Dracula vs. Marvel vs. DC

draculamarvel01It’s Halloween (or close to it), and that means it’s time for one thing: monsters! Specifically, one of my favorite monsters: Dracula. The Prince of Darkness is no stranger to the world of funny books, and has crossed paths with a surprising number of comic book heroes, from Spider-Man, to Superman, and even Zorro. There’s a lot of Dracula stuff to sort through, but not all of it is good. For every Tomb of Dracula or Captain Britain and MI-13, there’s an Apocalypse vs. Dracula. But these two stories stand out as my favorites of the Count’s appearances in the big two.
Uncanny X-Men #159download (1)

Uncanny X-Men #159 features one of the craziest fights in Marvel Comics, and marks the first time I witnessed the Marvel take on the Prince of Darkness. For some reason, I’ve always loved the fact that Marvel counts Dracula as one of their villains, and this issue was one that has been burned into my brain since I found a copy of it at a yard sale as a kid.

Chris Claremont and Bill Sienkeiwicz’s comic is extremely straightforward: Dracula has decided that Storm is going to be his new undead bride, and the X-Men aren’t going to let that happen. There are plenty of fun references to Stoker’s original tale, including having the Count reside in Belvedere Castle, surrounded by giant wolves and rats.

What follows is a pretty cool fight, as the Count absolutely demolishes the mutant team. His casual dismissal of Wolverine’s attempt to make a cross with his claws is my favorite, as is his reaction to Kitty trying to phase through his arm. While the ending is pretty weak, it’s still one of the best uses of Dracula in the Marvel Universe, and was even referenced decades later in Victor Gischler’s relaunch of X-Men, which had an army of vampires attack the X-Men’s home base of Utopia for some reason.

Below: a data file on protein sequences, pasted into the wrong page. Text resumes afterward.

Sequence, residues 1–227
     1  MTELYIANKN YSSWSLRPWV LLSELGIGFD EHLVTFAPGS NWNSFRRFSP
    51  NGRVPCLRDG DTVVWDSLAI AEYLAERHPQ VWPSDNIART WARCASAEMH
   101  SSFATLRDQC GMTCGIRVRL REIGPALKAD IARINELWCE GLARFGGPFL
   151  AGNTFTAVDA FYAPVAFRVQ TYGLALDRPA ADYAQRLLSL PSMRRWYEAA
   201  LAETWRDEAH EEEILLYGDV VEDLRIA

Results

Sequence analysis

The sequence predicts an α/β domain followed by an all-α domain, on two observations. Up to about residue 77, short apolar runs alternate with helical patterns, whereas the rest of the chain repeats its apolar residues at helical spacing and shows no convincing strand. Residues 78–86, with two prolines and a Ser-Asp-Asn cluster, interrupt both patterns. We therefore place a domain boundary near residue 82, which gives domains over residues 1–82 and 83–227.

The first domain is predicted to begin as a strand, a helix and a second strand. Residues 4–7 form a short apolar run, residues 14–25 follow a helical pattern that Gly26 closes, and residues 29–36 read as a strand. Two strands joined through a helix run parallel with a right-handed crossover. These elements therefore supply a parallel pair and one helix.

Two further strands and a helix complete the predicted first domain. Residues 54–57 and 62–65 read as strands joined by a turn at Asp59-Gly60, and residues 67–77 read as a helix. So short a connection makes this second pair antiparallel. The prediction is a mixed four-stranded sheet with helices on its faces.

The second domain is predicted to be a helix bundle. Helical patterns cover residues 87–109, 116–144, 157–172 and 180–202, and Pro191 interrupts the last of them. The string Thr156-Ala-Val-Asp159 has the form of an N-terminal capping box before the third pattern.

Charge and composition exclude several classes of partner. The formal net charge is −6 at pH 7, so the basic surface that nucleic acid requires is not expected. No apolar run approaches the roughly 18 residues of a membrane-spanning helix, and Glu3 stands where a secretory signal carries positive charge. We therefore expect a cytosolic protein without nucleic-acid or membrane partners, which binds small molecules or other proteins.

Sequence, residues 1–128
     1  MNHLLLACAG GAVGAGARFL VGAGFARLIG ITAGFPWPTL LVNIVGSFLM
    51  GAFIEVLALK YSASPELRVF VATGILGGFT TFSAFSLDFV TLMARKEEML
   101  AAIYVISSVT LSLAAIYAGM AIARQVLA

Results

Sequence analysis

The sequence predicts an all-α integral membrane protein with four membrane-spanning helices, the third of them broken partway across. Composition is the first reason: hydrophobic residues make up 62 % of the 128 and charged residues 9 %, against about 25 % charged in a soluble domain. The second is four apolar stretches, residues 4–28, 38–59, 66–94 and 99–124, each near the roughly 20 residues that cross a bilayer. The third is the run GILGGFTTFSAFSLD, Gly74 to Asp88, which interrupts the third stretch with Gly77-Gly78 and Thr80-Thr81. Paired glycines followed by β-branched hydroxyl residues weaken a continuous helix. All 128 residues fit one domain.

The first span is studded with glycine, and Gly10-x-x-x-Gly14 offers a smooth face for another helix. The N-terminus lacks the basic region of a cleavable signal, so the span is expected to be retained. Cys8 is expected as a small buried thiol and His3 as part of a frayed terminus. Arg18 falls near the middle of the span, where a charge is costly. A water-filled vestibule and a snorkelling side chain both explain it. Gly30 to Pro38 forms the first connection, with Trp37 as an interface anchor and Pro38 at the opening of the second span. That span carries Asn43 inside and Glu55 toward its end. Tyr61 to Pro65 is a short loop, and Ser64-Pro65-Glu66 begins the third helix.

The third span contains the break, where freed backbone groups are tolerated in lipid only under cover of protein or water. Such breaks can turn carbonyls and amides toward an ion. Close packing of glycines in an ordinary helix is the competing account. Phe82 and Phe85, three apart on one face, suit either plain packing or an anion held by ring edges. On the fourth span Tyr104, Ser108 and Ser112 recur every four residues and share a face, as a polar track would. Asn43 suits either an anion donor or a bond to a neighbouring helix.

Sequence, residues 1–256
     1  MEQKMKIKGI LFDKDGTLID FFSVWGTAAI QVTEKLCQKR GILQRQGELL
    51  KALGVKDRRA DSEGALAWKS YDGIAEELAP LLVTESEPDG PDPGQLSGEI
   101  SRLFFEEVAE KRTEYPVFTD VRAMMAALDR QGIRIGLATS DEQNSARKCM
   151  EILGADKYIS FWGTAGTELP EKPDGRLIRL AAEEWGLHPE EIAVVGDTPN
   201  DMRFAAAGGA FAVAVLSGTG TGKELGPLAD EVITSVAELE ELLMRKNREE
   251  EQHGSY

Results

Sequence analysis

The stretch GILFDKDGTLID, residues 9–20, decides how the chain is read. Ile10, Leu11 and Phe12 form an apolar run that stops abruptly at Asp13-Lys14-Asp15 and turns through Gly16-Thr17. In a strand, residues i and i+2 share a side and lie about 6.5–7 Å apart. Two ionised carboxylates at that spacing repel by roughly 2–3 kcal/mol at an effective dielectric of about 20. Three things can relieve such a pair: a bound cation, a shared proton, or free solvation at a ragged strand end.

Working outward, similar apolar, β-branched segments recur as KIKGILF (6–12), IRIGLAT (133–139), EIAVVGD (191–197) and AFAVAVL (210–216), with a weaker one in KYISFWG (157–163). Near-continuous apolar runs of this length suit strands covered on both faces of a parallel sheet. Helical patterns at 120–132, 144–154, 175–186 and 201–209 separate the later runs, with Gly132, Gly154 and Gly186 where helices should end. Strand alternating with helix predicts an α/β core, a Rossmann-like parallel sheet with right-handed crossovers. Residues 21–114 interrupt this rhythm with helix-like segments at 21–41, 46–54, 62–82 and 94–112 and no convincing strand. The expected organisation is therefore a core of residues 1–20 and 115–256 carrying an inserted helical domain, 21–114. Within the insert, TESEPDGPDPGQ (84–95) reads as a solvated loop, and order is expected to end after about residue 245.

Batman_Dracula_Red_Rain_TPB_coverBatman & Dracula: Red Rain

The start of the Red Rain Elseworlds Trilogy, Batman & Dracula: Red Rain is one of the scariest comics I’ve ever read (probably because I was way too young to have read it when I did).

Like Uncanny X-Men #159, the set up of Doug Moench and Kelly Jones’ battle of the bats is simple: Dracula has come to Gotham, and Batman has to stop him. Unfortunately for the Dark Knight, he’s just a man who is going up against the Lord of all Vampires. He needs help, and he gets it from the vampire Tanya, who visits Bruce every night and slowly turns him into a vampire. Bruce still has his humanity, as long as he never drinks the blood of a human (which leads to some problems in the later volumes), and he also gets some sweet bat wings to fly around on, which leads to an awesome battle between the two Batmen as they fly above Gotham City.

Red Rain is a decidedly darker story than the X-Men one, and much of that comes from Kelly Jones’ delightfully spooky art. Jones does an excellent job of showing off the brutality of the Count’s attacks, and when Batman and Dracula face off, it’s extremely awesome. There’s mood coming off every page, and some extremely haunting imagery in the tale. Of course, this story leaves Batman in a really strange place, and practically demands a revisit. Thankfully there are follow-ups (Bloodstorm and Crimson Mist), and they are just as awesome as Red Rain.

Posted on October 31, 2014, in Comic Books and tagged , , , , , , , , , . Bookmark the permalink. Leave a comment.

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